Climate as a Theory of History

Home (Main Menu)

Lake Agassiz, precursor of Lake Erie

New Light on the Black Death

Noah's Flood and the origin of Lake Erie


By Robert S. Boyd

"Comets may have caused Earth's great empires to fall

WASHINGTON -- Recent scientific discoveries are shedding new light on why great empires such as Egypt, Babylon and Rome fell apart, giving way to the periodic ``dark ages'' that punctuate human history.

At least five times during the last 6,000 years, major environmental calamities undermined civilizations around the world. Some researchers say these disasters appear to be linked to collisions with comets or fragments of comets such as the one that broke apart and smashed spectacularly into Jupiter five years ago.

The impacts, yielding many megatons of explosive energy, produced vast clouds of smoke and dust that circled the globe for years, dimming the sun, driving down temperatures and sowing hunger, disease and death.

The last such global crisis occurred between A.D. 530 and 540-- at the beginning of the Dark Ages in Europe -- when Earth was pummeled by a swarm of cosmic debris.

In a forthcoming book, Catastrophe, the Day the Sun Went Out, British historian David Keys describes a 2-year-long winter that began in A.D. 535. Trees from California to Ireland to Siberia stopped growing. Crops failed. Plague and famine decimated Italy, China and the Middle East.

Keys quotes the writings of a 6th-century Syrian bishop, John of Ephesus: ``The sun became dark. ... Each day it shone for about four hours and still this light was only a feeble shadow.'' A contemporary Italian historian, Flavius Cassiodorus, wrote: ``We marvel to see no shadows of our bodies at noon. We have summer without heat.'' And a contemporary Chinese chronicler reported, ``Yellow dust rained like snow.''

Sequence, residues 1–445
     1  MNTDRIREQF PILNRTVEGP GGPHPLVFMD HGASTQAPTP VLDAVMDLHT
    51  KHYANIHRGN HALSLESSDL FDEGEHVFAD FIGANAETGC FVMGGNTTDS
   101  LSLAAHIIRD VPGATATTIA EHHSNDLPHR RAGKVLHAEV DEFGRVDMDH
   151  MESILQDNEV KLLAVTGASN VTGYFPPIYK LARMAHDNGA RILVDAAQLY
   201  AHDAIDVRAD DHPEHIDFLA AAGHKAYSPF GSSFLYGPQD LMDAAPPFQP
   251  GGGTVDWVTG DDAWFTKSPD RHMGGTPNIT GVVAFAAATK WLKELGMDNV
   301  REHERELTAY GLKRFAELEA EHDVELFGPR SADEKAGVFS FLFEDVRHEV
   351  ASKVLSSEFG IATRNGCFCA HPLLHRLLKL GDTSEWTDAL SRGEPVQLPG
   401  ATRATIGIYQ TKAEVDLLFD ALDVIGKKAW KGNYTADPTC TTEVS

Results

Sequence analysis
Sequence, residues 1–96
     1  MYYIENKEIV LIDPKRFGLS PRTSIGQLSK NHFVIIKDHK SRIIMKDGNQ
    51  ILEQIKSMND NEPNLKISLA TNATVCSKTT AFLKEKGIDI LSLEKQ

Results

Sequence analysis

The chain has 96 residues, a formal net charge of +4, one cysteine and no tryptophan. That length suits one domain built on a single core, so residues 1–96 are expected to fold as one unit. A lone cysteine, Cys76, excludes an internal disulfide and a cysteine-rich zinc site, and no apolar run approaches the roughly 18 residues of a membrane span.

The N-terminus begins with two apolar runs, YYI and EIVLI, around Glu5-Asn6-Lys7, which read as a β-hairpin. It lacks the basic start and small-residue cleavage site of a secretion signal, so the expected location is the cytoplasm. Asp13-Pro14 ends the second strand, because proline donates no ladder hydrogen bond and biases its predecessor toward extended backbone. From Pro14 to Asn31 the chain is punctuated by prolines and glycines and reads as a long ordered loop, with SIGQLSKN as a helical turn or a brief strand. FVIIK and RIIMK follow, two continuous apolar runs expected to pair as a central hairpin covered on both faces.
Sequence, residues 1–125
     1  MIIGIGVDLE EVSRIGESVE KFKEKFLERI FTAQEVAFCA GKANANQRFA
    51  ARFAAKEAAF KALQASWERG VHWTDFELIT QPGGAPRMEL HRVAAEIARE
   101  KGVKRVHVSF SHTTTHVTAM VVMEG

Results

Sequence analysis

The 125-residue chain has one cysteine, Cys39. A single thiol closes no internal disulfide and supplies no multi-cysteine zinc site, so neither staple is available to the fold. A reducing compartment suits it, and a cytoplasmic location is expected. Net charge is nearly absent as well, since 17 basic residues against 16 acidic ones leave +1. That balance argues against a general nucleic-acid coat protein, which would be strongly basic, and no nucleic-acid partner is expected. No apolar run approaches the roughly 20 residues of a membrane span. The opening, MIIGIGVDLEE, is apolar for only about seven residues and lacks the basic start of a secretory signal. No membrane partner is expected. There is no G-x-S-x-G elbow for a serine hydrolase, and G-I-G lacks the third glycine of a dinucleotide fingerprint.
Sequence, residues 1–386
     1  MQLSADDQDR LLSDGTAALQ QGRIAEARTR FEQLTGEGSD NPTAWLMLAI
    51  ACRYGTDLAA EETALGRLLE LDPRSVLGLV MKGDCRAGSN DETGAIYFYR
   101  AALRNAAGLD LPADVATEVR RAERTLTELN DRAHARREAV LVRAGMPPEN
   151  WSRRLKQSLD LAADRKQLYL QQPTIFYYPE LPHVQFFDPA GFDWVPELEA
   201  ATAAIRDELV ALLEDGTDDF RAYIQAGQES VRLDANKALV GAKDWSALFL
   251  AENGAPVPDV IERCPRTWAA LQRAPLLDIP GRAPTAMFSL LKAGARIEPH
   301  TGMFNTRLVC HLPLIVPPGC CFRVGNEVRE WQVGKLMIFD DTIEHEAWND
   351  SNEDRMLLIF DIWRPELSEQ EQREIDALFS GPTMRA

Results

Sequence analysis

Researchers say similar environmental calamities occurred around 3200 B.C., 2300 B.C., 1628 B.C. and 1159 B.C. Each led to the collapse of urban societies in widely scattered portions of the globe.

Destructive as they were, the natural disasters that have plagued Earth since the dawn of human civilization are but popguns compared with the truly titanic catastrophes of prehistoric eras.

There have been at least five of these monster events, each of which wiped out most of the creatures living at the time, the fossil record shows.

The best known was a 6-mile-wide meteor that smashed into what is now the Gulf of Mexico 65 million years ago. The collision wreathed the planet in clouds of dust, poisoned the atmosphere and drove the dinosaurs, then rulers of the Earth, into extinction. Traces of the enormous crater, at least 100 miles across, created by the impact were found in 1990.